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Spotlight on ‘Metered Content Models’

November 9, 2015 | Lucy Tozer

Spotlight on ‘Metered Content Models’

The first post in PageSuite’s Subscription Series blog is centred on the metered model. Metered subscriptions permit customers to view a certain amount of free content before a paywall appears.

Once readers have reached their article limit, a small pop-up notification appears with a call to action to subscribe for a small fee. This model is particularly popular amongst publishers as it typically allows them to attract customers with the free content.

Metered subscriptions were pioneered by the Financial Times and Daily Telegraph who have both reported huge successes since the introduction. The Financial Times’ 2014 results showed that the metered model helped them to reach a print and digital circulation of 720,000. Profits have also tripled each year. The CEO of the FT, John Ridding, said “Eight years ago we launched the metered model which has been fantastically successful. It’s been a real source of transformation and a good source of contribution to the business.”[1] The Telegraph also reported a profit of £55million in 2014 as a result of the implementation of a metred paywall.[2]

The retention rate for content with metered subscriptions is also considerably higher compared with other models such as hard paywalls. The average retention rate for newspapers using metered paywalls is 58.5%, with some reporting as much as 90% reader retention![3]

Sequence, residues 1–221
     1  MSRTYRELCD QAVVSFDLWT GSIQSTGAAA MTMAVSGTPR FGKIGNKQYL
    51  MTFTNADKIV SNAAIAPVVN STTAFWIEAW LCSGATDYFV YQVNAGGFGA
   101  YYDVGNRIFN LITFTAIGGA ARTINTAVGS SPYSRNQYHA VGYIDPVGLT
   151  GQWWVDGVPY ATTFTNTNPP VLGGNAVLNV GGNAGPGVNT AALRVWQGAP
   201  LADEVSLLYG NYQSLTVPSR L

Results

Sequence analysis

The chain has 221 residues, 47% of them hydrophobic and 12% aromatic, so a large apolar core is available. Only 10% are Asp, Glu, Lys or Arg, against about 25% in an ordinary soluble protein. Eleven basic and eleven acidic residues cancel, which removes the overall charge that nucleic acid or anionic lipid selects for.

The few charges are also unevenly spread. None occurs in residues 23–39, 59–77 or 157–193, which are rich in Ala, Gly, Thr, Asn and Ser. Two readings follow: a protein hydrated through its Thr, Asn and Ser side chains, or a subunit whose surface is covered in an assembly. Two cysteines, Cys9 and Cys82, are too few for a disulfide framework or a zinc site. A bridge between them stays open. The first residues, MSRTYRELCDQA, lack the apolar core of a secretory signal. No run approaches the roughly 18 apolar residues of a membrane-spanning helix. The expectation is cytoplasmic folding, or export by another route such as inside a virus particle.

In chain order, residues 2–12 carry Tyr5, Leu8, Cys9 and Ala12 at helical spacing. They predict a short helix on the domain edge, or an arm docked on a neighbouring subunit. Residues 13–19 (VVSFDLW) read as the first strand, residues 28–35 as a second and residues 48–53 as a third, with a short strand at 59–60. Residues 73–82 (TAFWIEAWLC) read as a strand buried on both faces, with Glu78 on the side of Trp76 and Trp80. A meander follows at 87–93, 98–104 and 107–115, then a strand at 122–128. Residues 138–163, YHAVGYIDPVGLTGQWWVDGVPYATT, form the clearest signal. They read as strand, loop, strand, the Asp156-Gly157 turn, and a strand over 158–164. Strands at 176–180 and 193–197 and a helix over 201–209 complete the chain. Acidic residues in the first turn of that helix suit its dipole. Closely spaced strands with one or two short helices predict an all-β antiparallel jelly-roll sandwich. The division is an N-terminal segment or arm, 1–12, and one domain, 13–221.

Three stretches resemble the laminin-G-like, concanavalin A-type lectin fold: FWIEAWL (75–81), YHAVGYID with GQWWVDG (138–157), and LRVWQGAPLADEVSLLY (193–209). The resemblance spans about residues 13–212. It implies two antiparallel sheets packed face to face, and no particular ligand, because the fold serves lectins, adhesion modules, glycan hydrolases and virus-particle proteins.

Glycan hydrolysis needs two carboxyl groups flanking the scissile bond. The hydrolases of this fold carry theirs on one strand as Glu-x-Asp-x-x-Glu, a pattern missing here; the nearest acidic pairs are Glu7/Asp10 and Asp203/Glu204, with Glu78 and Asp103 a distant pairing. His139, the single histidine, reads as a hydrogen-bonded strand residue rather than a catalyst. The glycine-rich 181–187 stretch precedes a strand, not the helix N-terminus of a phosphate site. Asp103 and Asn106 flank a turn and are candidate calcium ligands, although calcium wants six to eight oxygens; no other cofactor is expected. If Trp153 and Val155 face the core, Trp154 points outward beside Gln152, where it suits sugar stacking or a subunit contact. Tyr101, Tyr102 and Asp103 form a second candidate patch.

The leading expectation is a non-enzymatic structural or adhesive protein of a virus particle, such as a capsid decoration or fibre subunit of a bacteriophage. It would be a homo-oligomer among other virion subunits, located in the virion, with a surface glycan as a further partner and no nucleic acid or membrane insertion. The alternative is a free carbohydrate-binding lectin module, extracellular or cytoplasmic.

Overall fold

The metered subscription model is also beneficial for consumers. They are able to sample the app/digital publication for a period of time before they commit to a subscription. Ridding commented on the concept behind this, he said “The theory is that within that they can build a habit, and then become a subscriber.” The success of this theory is clearly proven by the reported retention rates.

Metered subscriptions appear to have benefits for both the publisher and consumer. With a proven success rate for circulation, revenue and retention, the metered model is certainly a successful strategy for many.


[1] http://www.theguardian.com/media/2015/feb/27/financial-times-to-change-way-it-charges-for-online-content

[2] https://econsultancy.com/blog/66002-newspapers-and-subscription-barriers-what-works-best/

[3] http://www.theguardian.com/media/greenslade/2014/nov/07/paywalls-charging-for-content